# [Why3-club] Specifying the order in which loop invariant may be proven

Claude Marche Claude.Marche at inria.fr
Wed Mar 26 15:52:06 CET 2014

```
Hi,

I think

invariant { I(i) && J(i) }

is what you look for.

- Claude

On 03/26/2014 03:43 PM, Nuno Gaspar wrote:
> not exactly what you want, but
>
> invariant {I(i+1) -> J(i)}
>
> wouldn't do?
>
>
>
>
>
>
>
> 2014-03-26 15:31 GMT+01:00 Alan Schmitt <alan.schmitt at polytechnique.org
> <mailto:alan.schmitt at polytechnique.org>>:
>
>     Hello,
>
>     It seems to me that when several invariants are given for a loop, each
>     one is proven separately assuming every invariant at the previous step.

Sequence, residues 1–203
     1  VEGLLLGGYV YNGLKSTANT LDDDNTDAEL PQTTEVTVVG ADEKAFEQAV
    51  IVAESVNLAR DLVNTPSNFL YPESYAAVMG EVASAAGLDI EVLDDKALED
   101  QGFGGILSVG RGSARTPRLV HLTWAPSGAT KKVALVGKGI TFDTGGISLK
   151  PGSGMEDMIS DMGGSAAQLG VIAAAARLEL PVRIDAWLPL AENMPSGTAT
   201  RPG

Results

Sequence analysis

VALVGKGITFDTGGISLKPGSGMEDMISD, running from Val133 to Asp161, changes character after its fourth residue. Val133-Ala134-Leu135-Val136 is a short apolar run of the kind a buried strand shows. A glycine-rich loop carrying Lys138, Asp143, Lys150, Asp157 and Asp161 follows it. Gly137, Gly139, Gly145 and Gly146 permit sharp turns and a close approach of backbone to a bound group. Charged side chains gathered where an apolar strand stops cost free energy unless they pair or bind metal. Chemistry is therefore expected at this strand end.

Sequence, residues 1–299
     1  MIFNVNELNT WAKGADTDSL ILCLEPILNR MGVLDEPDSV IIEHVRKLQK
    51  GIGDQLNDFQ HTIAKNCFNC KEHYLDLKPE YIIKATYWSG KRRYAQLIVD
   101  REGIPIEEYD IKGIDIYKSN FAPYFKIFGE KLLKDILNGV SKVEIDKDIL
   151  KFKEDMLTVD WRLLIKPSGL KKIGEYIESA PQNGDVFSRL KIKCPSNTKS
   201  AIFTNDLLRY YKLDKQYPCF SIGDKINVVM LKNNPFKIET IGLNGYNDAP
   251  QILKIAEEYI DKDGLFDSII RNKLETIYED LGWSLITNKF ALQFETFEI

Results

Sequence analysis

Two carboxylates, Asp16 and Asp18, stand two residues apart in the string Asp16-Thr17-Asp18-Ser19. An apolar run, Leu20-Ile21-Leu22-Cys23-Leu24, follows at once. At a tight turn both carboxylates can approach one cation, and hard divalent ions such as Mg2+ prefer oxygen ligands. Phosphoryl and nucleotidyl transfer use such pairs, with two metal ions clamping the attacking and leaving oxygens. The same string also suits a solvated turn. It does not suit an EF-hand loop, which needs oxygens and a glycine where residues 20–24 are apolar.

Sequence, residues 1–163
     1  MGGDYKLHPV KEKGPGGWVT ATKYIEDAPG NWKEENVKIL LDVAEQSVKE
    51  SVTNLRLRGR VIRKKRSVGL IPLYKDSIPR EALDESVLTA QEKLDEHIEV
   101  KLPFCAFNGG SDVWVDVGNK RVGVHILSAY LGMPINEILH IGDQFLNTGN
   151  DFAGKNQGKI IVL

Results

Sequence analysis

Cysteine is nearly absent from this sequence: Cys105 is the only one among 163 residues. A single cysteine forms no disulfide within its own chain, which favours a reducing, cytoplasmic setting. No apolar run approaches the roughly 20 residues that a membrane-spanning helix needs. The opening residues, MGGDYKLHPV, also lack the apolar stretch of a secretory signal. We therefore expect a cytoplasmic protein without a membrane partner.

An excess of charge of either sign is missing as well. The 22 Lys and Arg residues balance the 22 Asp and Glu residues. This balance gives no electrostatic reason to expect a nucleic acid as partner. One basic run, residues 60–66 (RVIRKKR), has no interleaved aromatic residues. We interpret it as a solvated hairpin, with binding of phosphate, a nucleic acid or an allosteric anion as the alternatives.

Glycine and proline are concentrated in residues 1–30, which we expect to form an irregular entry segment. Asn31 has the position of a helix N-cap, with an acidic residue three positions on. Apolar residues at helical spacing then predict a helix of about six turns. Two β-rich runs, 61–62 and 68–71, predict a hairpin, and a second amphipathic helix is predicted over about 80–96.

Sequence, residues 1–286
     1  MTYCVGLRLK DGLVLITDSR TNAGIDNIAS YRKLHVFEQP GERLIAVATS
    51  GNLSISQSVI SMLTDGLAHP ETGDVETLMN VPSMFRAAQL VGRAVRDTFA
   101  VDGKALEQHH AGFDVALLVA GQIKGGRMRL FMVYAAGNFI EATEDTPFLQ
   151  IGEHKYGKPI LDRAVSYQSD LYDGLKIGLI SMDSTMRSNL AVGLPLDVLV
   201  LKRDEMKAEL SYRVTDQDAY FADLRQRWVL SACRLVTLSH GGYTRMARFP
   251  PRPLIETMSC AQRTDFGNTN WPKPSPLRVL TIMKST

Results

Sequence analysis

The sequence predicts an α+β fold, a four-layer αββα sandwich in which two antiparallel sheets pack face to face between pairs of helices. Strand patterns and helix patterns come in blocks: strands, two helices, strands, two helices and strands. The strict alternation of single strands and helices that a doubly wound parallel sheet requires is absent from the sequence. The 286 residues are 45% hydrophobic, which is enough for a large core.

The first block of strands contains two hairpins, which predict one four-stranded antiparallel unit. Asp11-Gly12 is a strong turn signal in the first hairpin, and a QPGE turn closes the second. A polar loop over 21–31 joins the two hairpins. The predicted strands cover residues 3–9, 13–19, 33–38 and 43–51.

>     For instance, in the following:
>
>     #+begin_src why3
>     for i = 0 to n do
>       invariant {I(i)}
>       invariant {J(i)}
>       ...
>     done
>     #+end_src
>
>     one has to prove I(i+1) assuming I(i) and J(i), and the same for J(i+1).
>
>     Is it possible to rely on the order in which the invariants are given,
>     such that I(i+1) is proven I(i) and J(i), as before, but J(i+1) is
>     proven using I(i+1) and J(i)?
>
>     Thanks,
>
>     Alan
>
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